There's nothing like a new computer, a blank slate where you get a chance to start over in your digital life without all the mess - no duplicate files and no useless installers hanging around, no more scattered photos and videos and documents, no more four web browsers with four different sets of bookmarks, no extra software you never really used while the launcher continued to run in the background and suck up memory.
This time (you promise yourself), things will be different. Your computer will be clean and clutter-free, organized and logical, fast and efficient. You will be on top of things: the master of your digital domain.
But it never lasts. Sooner or later you'll have files everywhere - in Downloads, in Documents, in Libraries, in Program Files, in System Files, on your Desktop, in random folders you created to organize your stuff but that only created more clutter.
It's not always your fault, either. Chances are your computer came with a bunch of software built in, like HP MediaSmart or HP Dashboard, which is confusing. When you download software it sometimes creates folders in odd places, or duplicates your files (iTunes is famous for this).
If you can't wait until your next computer to clean up your digital life then you can always start over - back up all your really important data (photos, videos, movies, games) then insert your Mac OSX and Windows 7 disk and start over. If you don't have a disk, go to www.apple.com, www.microsoft.com or www.linux.com and do a search for the right instructions.
It will probably take a day or so to get your computer back to the pristine place it was before you put your grubby fingers all over it. Once you're there, you get to start over.
Familiarize yourself with the file structure, and create the file folders you need for your personal items. Make shortcuts if your files are buried a few menus down, and collect those shortcuts into another folder that you drop onto your Start menu (Microsoft) or Finder's "Places" list.
The rest of my advice is for PC's, but a lot of it will apply to Macs and Linux users as well.
Now that you have a blank slate you're going to need software - and you'll need to decide on a standard system for handling your software, like ensuring that all installers go to Downloads, all programs go into Program Files, and all extras - e.g. your iTunes Music folder, project folders - should go to the spaces you've already designated in your file structure. Don't be shy using the Libraries tool (right click on folders and files) as another way to track your stuff.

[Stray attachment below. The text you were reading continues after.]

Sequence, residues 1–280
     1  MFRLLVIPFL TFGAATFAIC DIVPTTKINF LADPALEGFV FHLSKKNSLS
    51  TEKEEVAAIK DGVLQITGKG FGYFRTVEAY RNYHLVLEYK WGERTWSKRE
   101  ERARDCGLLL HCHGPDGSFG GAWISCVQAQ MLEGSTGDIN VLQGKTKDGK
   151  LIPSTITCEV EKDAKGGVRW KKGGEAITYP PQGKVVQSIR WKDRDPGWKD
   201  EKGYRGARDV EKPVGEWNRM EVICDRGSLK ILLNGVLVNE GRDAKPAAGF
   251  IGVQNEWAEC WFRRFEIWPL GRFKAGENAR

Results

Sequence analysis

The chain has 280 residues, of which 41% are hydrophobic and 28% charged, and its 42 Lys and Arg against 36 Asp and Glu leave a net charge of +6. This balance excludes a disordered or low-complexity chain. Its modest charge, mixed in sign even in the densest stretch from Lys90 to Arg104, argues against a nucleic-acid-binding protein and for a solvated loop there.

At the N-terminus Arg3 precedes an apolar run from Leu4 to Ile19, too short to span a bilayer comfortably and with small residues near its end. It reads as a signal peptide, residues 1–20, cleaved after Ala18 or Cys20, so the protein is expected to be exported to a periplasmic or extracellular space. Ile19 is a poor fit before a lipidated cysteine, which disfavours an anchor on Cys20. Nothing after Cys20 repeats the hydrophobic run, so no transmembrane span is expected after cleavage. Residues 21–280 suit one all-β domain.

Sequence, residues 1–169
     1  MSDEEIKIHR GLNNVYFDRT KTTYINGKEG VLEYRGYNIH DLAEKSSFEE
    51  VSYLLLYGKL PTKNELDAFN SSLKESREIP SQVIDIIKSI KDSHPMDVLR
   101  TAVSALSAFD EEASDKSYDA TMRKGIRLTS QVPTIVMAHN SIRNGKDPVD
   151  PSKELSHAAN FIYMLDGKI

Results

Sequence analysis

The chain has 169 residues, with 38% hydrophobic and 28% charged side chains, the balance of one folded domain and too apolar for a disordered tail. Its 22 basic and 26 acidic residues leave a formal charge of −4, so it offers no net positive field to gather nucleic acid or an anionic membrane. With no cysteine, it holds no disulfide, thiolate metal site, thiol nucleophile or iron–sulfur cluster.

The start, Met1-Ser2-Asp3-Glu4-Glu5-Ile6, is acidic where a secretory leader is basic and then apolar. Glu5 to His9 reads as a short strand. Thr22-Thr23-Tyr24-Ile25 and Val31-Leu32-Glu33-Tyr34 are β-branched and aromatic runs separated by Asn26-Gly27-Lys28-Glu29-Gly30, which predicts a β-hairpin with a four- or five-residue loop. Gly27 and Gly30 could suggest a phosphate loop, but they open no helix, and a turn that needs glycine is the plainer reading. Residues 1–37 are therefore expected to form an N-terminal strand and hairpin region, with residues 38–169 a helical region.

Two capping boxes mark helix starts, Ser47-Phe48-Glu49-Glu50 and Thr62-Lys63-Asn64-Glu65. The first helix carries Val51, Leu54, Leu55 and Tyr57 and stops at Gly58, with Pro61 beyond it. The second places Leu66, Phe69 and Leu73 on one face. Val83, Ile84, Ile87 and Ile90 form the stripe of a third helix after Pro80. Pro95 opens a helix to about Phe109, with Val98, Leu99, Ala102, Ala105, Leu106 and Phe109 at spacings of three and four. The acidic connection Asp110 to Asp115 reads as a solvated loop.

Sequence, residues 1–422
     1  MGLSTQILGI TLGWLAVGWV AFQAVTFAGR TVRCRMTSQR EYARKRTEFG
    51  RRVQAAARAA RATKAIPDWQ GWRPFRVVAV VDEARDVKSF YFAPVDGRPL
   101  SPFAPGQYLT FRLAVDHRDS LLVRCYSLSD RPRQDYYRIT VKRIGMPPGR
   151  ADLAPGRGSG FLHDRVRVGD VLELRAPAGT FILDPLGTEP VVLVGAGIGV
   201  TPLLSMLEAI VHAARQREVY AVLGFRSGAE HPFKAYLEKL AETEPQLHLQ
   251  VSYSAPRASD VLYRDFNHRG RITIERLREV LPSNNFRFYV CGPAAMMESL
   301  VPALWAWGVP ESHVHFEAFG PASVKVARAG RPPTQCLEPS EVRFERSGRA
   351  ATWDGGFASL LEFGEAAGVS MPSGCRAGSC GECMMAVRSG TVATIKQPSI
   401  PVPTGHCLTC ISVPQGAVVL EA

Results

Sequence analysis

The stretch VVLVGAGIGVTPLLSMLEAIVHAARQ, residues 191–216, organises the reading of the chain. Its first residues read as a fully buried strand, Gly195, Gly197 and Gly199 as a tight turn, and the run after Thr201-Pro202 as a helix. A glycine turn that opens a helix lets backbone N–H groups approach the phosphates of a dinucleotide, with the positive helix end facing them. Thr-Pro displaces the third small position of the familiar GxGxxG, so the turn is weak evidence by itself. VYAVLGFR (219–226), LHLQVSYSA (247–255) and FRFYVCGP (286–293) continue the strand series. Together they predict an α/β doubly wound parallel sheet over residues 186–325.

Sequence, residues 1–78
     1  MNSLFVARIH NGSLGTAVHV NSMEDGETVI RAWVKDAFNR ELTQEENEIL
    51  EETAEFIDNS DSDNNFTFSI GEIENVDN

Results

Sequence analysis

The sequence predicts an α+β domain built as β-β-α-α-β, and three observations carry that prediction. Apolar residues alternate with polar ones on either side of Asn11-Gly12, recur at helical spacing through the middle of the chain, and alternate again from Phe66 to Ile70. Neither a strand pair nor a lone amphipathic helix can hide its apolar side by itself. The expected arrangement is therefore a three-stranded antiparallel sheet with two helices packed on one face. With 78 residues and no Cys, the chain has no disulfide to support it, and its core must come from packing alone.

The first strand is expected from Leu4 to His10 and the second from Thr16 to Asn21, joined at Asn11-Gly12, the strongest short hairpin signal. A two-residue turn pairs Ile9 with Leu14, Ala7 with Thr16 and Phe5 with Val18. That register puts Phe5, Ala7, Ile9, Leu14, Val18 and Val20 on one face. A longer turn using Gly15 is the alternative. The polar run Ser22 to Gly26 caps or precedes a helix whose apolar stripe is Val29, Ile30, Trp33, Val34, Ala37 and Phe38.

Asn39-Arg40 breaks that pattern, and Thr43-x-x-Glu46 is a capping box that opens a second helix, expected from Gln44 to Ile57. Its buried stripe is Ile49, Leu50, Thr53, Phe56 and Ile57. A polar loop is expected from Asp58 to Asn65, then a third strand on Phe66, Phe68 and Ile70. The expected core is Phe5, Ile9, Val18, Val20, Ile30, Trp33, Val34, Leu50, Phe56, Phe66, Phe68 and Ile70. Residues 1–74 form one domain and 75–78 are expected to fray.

These are the following programs I recommend you install: (I have to give some of the credit to a Redditor, Astroid0, for a few of the titles.)
Security - Immediately download Windows Security Essentials at www.microsoft.com/security_essentials/. In its second generation, every Windows 7 and Vista user should have this security software. It's incredibly easy to use, and if you get infected it often takes care of the problem for you. If you want a secondary security layer, I'd recommend Hijack This (http://free.antivirus.com/hijackthis/) to track activity, and Malwarebytes Antimalware (www.malwarebytes.org) to sniff out viruses, malware, spyware, etc. Also, if you're afraid your computer could be stolen (and laptops are an easy target), please download Prey (www.preyproject.com). It will help you recover your computer in some cases (you can even use the camera to take the thief's photo) and to hide personal information.
Maintenance - Pick up Ccleaner at Piriform.com (along with Defraggler and Speccy while you're at it), and be sure and make a donation towards this excellent company. It's worth every penny, and you won't regret a dime. Ccleaner keeps your computer clean by deleting temp files, history, etc. that clutters up your computer. You can also use it to fix your registry and uninstall software. The Ccleaner Enhancer (http://thewebatom.net/software/ccleaner-enhancer) add-on makes Ccleaner even better by applying Ccleaner to a wider range of other programs.
Defraggler reorganizes your data to speed up your computer's performance while Speccy tells you everything you need to know about your hardware - good to know if you're having troubles, if you're ordering upgrades, or if you're purchasing software and want to know if you'll meet the minimum requirements.
Other maintenance programs you should have include Soluto (www.soluto.com), which helps to figure out what software is slowing you down, and Magic Folder Gadget (do a Google search), which automatically files your data according to type (music files, photo files, documents, etc.).
Access - A lot of Windows users are jealous of the Spotlight search tool on Macs and for good reason. While Windows 7 did improve searching, you need to download Everything at www.voidtools.com, which is maybe even better than Spotlight.
Cloud - Dropbox is a must for sharing files between computers and backing up your work. If you save your stuff to Dropbox you can share it with anyone or access it from anywhere - any computer and any phone. If your computer is stolen or damaged, or you want to wipe your computer or upgrade it, your data is safe. It's free for 2GB of space, but if you have a lot of important data you can get 50GB for $100 per year. You can also use it to make simple HTML websites.
Next week: Browsers, multimedia and more.